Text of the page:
Textes d'opinion

The four-day work week could save us all

Want to help the environment? Here’s my solution.

I recycle and I compost. I don’t own a car. I work from home, which reduces my “carbon footprint.” And like many of you, I hope clean energies will soon power our economies.

But let’s not kid ourselves.

Nine tenths of all the energy we use is still produced from carbon-based sources like coal, oil and natural gas.

Electricity can be produced from wind, but electricity plays only a small role in our transportation system. Denmark is thought of as a country that runs on wind turbines. Even in that country, though, hydrocarbons account for nearly 48 times as much energy as wind, according to the Energy Information Administration.

Solar power is still far too expensive. It cost up to $0.20 to produce one kilowatt-hour of electricity last year, whereas generating electricity with natural gas cost between $0.02 and $0.10.

Electric cars? Gasoline has from 50 to 80 times the energy density – energy per unit of volume – of the best available lithium-ion battery. Gasoline engines will continue to dominate the market for decades.

The day renewable energies will replace oil is still far away.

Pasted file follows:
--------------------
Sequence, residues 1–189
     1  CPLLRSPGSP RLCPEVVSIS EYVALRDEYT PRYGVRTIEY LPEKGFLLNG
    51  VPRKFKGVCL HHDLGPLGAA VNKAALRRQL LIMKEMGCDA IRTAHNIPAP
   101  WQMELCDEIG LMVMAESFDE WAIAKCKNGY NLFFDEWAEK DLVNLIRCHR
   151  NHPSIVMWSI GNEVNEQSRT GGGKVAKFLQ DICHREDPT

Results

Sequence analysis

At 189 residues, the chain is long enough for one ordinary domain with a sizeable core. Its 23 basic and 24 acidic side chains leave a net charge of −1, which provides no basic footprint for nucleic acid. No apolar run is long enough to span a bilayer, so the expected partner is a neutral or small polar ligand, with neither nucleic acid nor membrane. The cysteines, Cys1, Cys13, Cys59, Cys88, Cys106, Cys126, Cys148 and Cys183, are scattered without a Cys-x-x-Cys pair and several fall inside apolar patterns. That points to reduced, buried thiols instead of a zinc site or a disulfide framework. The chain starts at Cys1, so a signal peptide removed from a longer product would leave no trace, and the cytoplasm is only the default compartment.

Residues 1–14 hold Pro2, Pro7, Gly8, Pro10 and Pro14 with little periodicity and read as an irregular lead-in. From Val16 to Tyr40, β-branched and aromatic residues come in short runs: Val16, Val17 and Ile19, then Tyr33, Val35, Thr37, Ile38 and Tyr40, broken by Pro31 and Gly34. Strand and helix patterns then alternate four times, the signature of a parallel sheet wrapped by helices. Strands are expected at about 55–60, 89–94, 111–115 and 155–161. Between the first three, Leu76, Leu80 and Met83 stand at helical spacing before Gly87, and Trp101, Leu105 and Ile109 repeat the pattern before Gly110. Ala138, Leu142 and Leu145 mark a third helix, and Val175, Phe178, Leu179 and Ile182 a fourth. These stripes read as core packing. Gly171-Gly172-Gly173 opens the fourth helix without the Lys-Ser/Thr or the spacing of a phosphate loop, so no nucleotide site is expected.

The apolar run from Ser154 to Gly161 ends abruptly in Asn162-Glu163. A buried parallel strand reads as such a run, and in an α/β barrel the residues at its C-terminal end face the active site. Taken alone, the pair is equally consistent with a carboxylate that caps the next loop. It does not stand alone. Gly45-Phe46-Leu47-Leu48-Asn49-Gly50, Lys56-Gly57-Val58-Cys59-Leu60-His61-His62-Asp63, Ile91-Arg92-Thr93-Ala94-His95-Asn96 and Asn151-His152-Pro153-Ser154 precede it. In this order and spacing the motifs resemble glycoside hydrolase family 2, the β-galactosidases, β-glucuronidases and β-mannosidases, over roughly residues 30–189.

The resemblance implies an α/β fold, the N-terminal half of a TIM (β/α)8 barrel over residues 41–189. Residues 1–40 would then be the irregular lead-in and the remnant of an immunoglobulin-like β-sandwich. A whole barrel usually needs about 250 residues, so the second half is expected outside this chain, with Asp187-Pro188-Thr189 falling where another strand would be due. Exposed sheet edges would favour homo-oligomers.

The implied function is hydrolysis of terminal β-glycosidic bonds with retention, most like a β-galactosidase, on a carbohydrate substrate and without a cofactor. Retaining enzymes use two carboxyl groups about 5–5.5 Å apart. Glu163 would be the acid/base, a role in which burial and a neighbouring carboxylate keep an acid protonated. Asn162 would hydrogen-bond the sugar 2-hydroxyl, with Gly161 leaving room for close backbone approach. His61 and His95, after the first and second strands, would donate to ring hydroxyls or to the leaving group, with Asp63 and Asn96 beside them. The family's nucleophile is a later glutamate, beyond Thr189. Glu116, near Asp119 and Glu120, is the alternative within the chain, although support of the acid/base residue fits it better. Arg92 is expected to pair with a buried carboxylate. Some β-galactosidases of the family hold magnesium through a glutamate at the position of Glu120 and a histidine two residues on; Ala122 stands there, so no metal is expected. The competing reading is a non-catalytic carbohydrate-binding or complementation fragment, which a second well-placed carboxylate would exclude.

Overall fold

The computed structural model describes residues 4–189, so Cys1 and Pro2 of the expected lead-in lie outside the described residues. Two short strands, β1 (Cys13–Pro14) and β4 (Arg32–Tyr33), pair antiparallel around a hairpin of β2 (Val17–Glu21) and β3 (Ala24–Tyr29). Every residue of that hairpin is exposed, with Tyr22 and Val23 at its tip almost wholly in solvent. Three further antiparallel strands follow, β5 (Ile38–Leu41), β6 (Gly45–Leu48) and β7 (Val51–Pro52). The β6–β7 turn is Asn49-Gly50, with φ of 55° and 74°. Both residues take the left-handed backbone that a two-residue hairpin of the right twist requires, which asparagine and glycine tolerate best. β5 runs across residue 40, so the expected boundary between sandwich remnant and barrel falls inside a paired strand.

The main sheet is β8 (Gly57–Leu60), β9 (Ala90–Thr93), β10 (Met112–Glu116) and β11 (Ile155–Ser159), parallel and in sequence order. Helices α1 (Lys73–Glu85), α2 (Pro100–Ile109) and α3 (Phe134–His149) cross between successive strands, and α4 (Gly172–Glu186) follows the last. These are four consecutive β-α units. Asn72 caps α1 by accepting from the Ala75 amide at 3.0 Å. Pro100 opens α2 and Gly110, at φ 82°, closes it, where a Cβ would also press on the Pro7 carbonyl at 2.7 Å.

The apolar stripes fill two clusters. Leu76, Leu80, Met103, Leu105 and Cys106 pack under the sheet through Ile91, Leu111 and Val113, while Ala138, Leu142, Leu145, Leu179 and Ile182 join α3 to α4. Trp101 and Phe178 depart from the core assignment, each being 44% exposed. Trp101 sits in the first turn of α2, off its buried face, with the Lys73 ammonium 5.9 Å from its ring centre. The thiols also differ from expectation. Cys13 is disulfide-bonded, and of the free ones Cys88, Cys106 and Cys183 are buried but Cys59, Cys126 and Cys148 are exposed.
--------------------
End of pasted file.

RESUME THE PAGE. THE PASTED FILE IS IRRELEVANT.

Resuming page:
But don’t despair. I have a solution to start helping the environment right away: the 4-day workweek. One fewer day per week of traffic, lights, computers and elevators soaking up energy.

But the economy sucks, you say. People are losing their job. And most Canadian companies are small businesses – with fewer than ten employees, it’s hard to do without one’s sole receptionist on Fridays.

I hear you. So I thought of one group that could start the movement: politicians. They love to spend our money on laws, programs and subsidies that cater to interest groups. If politicians only work four days, lobbyists will also have to reduce their work week. Mother Nature will be happy.

Taxpayers too. My own provincial government recently spent $732 million on subsidies – mostly to multinational corporations – in just one week. Actually, it was a four-day week because of a holiday. Imagine if they had had five!

Colour me cynical, but I believe that the less politicians work, they less damage they cause.

We can act now for planet Earth. Let’s adopt the four-day workweek for politicians. The environment – and your wallet – will feel better.

David Descôteaux est chercheur associé à l’Institut économique de Montréal.

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